Former research and Analysis Wing (R&AW) chief A S Dulat on Sunday advocated “aggressive diplomacy” instead of “coercive action” as the way forward to tide over the current turmoil in Jammu and Kashmir.
“Diplomatic road is very important. Americans have already supported us (India). I think the diplomatic line is the right line which was used successfully after 1999 (Kargil) and 2001 (Parliament attack). It should be pursued aggressively to get across a message to Pakistan that this sort of thing (Pulwama or Pathankot attacks) cannot continue,” he told The Indian Express.
An IPS officer from the 1965 batch, Dulat earlier served as special director in Intelligence Bureau (IB) and is regarded as one of India’s leading experts on Kashmir. He recently authored the book Kashmir: The Vajpayee Years.
Dulat said he has always advocated dialogue but at this moment — after the Pulwama attack — if he talks about dialogue, he may be branded as “anti-national”.
While referring to former chief minister Mehbooba Mufti’s statement after the Pulwama attack, on reconciliation in the Valley, Dulat said, “Normally I do not agree with Mehbooba but today I agree with her on what she says (on reconciliation). A couple of days ago, former chief minister Dr Farooq Abdullah said similar things. If two Kashmiri leaders are saying the same thing in different words then somebody should take note of it.”
On the state government’s decision to withdraw security of separatist leaders in the Valley, he said, “Fact of the matter is that some of them are under threat and some them have been killed from time to time. That is why security was given to them. If you remove the security, they may be attacked again.”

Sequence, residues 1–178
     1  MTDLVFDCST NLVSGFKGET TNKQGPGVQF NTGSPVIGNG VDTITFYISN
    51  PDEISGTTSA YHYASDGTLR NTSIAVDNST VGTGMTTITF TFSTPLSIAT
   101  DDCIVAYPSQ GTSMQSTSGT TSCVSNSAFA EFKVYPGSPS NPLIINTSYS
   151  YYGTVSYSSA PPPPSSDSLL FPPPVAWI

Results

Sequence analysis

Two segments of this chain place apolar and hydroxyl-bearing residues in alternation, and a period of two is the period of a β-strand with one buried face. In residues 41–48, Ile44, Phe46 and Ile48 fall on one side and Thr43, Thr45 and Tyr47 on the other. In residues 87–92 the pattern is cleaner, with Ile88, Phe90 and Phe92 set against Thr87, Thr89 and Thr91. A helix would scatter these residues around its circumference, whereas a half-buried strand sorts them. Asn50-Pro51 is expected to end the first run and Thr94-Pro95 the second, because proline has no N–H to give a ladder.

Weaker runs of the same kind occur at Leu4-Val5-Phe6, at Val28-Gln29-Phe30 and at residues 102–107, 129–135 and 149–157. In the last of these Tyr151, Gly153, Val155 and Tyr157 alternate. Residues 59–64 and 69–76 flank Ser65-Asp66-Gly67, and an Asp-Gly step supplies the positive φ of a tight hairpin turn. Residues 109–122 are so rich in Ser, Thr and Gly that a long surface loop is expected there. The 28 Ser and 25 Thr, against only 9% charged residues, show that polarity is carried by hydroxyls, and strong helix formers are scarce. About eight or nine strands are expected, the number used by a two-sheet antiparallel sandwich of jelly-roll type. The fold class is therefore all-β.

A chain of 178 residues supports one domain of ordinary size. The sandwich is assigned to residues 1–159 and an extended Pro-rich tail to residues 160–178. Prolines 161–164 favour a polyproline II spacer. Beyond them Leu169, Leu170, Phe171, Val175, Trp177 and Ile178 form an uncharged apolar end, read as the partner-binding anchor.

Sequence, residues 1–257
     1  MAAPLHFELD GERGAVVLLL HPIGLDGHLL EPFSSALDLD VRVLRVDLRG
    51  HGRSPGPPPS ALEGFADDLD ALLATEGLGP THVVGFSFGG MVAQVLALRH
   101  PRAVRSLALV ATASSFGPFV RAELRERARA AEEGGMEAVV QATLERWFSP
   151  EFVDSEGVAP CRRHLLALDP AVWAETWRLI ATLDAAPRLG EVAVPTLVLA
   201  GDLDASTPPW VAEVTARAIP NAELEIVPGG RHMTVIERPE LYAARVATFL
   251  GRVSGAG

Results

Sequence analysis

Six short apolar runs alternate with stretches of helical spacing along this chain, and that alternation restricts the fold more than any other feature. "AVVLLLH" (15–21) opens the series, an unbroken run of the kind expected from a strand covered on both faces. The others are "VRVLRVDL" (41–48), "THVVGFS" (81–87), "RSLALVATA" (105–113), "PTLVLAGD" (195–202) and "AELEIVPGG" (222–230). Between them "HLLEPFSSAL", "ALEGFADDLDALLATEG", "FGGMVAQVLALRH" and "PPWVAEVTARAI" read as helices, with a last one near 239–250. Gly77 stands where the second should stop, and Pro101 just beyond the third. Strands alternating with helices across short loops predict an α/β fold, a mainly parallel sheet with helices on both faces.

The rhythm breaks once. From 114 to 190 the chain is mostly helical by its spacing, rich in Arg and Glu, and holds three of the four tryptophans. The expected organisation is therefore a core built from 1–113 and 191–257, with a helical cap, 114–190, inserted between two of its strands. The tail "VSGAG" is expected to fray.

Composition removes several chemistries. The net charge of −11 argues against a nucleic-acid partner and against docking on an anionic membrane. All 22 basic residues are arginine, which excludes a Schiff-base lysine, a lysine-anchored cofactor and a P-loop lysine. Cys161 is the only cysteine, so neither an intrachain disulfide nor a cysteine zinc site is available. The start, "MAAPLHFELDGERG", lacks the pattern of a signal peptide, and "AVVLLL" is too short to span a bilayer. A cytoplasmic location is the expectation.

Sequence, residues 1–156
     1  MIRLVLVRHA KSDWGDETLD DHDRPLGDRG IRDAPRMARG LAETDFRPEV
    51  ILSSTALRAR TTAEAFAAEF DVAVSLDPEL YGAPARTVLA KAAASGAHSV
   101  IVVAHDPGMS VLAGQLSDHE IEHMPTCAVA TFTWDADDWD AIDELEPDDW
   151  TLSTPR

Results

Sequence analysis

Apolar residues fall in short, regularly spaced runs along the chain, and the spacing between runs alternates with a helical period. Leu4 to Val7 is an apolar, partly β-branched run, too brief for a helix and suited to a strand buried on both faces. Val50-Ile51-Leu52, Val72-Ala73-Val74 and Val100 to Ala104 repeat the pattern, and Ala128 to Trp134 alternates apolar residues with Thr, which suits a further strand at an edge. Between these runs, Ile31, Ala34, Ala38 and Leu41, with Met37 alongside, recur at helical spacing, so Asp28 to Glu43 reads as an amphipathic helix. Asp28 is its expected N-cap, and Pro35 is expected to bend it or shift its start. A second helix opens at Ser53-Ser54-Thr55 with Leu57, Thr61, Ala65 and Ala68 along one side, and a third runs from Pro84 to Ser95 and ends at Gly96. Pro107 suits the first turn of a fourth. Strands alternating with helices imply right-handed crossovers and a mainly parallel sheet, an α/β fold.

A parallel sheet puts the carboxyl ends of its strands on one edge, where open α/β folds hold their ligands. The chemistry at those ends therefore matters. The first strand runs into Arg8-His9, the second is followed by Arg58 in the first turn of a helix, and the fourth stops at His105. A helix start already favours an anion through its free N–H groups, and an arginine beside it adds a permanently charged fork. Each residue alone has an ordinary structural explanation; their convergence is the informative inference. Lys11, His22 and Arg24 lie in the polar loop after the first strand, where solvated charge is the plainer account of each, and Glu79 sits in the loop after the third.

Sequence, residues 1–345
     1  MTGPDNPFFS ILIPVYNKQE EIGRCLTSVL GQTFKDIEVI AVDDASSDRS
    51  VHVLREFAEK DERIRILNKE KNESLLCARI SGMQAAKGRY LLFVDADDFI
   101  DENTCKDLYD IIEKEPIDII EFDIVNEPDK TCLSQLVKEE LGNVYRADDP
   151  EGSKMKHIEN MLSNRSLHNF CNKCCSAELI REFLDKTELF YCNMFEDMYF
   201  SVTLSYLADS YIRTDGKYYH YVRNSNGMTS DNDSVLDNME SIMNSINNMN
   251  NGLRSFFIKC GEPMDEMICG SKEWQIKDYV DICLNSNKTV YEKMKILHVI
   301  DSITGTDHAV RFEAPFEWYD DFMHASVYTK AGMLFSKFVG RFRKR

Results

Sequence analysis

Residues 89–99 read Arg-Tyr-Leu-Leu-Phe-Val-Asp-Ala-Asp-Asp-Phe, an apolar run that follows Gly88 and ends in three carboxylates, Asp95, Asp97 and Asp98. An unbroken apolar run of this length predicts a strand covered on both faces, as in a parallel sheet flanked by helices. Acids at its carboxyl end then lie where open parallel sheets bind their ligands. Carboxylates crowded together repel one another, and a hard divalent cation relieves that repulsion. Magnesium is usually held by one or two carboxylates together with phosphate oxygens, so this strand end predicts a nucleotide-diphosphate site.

On forces being given a free hand following the Pulwama attack, Dulat said, “The forces are free to do what is correct and legitimate. But it does not mean that you go on a killing spree or something. Freehand does not mean that you enter homes and kill people. It means that if people are attacking, you can shoot back.”
The former IPS officer said it is not just Pakistan and China who have come together. Beijing has stalled several attempts by New Delhi to get Jaish-e-Mohammad chief Maulana Masood Azhar listed in the UNSC ban. “We are missing certain things, Pakistan and Russia have cosied up. Every country cosies up for their national interests. If Trump (Donald) supports you (India), it is in his national interest. If he doesn’t support you (India) tomorrow then it is not in his national interest. There are no permanent friends and no permanent enemies.”
About the role of Jaish, Dulat said, “JeM had been quiet for past few years but it has come back in a big way in the last two years and people (security agencies) need to think why?”